• ON PHILADELPHIA One reason I signed here [before the 2003 season] is that I thought the city would help me push myself. And it has helped me mentally. You have to focus every night at the ballpark. The passion is my favorite part of the city. You go from "we love you" to "we hate you" back to "you walk on water." You're driving, and somebody might wave or somebody might flip you off.
• ON HUNTING WITH BOW AND ARROW Bow hunting is like hitting. There are successes and frustration; it's all in your grip and how you follow through. There's different poundage of bows, and you need to get a feel for it, like a favorite bat. I have a hunting lodge an hour west of my home in Peoria, Ill. There's a good chance of getting a deer on my place, if you wait. You try to manage the population and do it right. The idea is not to just go out every day and kill a deer.
• ON JIM THOME DRIVE NEAR PEORIA It's by my high school. At times I make a detour to drive down it. I do it every year before I go to spring training. It's a way of keeping me humble, reminding me where I come from.
• ON APPROACHING CUBS SLUGGER DAVE KINGMAN FOR AN AUTOGRAPH I was eight or nine. Being a Cubs fan, Kingman was a guy I followed. I asked him for an autograph, but he just walked by. It influenced how I handle things. When you can't sign, you make sure you're not a jerk about it. Maybe you say, "Sorry, can't do it today. I have to do this or that." People respect that. I don't turn down many autograph requests, especially from kids.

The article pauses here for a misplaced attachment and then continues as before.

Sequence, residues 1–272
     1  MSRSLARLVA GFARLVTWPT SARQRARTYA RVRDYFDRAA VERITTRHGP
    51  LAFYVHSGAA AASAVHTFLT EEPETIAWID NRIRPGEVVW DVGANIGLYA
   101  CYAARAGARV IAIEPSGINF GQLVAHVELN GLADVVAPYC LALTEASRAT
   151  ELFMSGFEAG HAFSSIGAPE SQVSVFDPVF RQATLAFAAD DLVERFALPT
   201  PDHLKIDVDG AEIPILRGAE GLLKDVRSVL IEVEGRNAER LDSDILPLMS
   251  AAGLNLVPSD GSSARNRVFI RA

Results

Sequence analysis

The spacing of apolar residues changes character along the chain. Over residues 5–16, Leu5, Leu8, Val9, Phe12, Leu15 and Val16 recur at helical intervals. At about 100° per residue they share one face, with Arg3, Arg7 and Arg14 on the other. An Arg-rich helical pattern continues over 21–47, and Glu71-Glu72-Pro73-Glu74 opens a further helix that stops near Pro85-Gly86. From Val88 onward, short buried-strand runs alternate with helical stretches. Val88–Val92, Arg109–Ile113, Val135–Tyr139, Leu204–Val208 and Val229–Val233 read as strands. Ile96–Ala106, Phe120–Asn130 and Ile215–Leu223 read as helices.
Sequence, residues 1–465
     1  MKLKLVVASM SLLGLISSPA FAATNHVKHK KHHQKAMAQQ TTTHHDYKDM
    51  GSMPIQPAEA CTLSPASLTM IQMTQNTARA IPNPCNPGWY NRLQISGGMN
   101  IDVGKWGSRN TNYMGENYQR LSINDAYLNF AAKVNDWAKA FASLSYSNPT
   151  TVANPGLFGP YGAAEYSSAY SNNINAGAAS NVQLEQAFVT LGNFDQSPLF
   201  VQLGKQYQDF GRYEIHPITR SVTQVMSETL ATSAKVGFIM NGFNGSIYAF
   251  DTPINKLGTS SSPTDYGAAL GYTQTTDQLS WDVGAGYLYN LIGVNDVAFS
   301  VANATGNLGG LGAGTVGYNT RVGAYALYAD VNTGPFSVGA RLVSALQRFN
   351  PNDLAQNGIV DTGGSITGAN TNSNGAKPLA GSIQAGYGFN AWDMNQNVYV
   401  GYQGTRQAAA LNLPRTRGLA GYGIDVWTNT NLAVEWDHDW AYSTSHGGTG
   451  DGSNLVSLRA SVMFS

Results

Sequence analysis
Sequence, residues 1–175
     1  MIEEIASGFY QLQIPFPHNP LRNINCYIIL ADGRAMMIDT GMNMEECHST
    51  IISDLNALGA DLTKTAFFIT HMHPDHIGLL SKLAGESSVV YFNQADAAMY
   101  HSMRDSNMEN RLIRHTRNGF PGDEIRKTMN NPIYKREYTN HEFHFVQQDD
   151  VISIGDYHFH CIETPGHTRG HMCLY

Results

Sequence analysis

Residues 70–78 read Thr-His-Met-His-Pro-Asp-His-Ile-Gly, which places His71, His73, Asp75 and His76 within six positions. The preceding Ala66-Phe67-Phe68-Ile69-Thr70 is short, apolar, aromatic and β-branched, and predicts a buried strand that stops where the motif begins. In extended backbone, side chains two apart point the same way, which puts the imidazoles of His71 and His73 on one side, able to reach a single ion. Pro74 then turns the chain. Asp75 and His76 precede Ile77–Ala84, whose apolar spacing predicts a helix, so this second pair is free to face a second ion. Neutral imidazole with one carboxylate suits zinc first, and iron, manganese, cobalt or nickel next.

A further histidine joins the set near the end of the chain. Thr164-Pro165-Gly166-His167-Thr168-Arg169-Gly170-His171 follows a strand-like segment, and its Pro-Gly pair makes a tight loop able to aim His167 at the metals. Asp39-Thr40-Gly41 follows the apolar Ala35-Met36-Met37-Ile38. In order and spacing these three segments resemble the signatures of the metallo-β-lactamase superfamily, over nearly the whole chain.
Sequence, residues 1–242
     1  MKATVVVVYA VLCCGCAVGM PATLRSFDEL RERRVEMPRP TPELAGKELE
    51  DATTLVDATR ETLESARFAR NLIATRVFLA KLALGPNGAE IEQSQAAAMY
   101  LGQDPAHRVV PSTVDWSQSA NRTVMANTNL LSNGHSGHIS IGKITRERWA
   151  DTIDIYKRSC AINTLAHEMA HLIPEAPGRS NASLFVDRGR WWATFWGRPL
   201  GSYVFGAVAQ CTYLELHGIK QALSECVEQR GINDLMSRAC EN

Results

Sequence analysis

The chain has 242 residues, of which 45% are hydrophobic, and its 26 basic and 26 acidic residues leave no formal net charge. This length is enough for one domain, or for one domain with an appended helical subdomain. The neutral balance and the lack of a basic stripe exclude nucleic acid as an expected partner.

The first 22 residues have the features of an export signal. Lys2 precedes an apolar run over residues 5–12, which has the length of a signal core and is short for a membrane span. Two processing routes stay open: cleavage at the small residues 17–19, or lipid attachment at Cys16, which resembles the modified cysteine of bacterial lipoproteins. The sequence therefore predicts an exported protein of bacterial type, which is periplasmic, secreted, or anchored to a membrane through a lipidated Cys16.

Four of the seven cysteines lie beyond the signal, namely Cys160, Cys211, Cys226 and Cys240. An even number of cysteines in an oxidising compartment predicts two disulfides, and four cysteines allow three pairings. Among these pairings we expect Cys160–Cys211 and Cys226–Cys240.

• ON HIS FIRST WORLD SERIES HOMER, AS AN INDIAN IN GAME 5 VERSUS ATLANTA IN 1995 You try not to show anyone up, but that home run I kinda watched. It was the emotion of it. I'm not exactly embarrassed I did that, but looking back, you write it off as something you did when you were young. You try to learn from it. That's the only time I've ever watched a home run, at least purposely.
• ON STEROIDS The strongest thing I put into my body is steak and eggs. I just eat. I'm not a supplement guy. I try to get in shape, get ready to go. Steroids are not even a thought.
• ON THE DEATH OF HIS MOTHER, JOYCE, ON JAN. 5 As a baseball player you feel you can do some good things for your family. But when there's an illness [lung cancer] like my mother had, you're helpless. Watching her struggle was the most frustrating part. I remember her every day. I keep her picture by our bed. If I had to give advice about parents, it would be this: Value your relationships with them. Those relationships are what you stand for. Not only are we blessed to wear a uniform with PHILLIES on the front, but we have our names on the back. That name means you're playing for your family.
--As told to Michael Farber
THOME, 34, BROKE IN WITH CLEVELAND IN 1991. HE HAS AVERAGED 45 HOME RUNS IN TWO SEASONS WITH PHILADELPHIA